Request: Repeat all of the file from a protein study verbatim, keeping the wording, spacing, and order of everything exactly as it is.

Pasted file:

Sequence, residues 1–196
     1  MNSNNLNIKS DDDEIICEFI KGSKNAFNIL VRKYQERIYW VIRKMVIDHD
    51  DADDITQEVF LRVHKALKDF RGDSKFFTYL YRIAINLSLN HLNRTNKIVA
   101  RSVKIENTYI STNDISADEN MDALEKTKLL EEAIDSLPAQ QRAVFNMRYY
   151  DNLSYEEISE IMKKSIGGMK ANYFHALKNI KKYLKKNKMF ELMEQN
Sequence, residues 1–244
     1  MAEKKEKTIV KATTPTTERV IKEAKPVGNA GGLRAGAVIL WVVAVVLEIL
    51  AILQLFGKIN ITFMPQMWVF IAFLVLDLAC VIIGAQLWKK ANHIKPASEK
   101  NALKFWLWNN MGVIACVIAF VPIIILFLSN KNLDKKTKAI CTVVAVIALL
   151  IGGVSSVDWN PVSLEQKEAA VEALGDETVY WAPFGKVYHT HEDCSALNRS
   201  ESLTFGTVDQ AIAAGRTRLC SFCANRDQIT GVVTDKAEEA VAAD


Sequence, residues 1–196
     1  MNSNNLNIKS DDDEIICEFI KGSKNAFNIL VRKYQERIYW VIRKMVIDHD
    51  DADDITQEVF LRVHKALKDF RGDSKFFTYL YRIAINLSLN HLNRTNKIVA
   101  RSVKIENTYI STNDISADEN MDALEKTKLL EEAIDSLPAQ QRAVFNMRYY
   151  DNLSYEEISE IMKKSIGGMK ANYFHALKNI KKYLKKNKMF ELMEQN
Sequence, residues 1–244
     1  MAEKKEKTIV KATTPTTERV IKEAKPVGNA GGLRAGAVIL WVVAVVLEIL
    51  AILQLFGKIN ITFMPQMWVF IAFLVLDLAC VIIGAQLWKK ANHIKPASEK
   101  NALKFWLWNN MGVIACVIAF VPIIILFLSN KNLDKKTKAI CTVVAVIALL
   151  IGGVSSVDWN PVSLEQKEAA VEALGDETVY WAPFGKVYHT HEDCSALNRS
   201  ESLTFGTVDQ AIAAGRTRLC SFCANRDQIT GVVTDKAEEA VAAD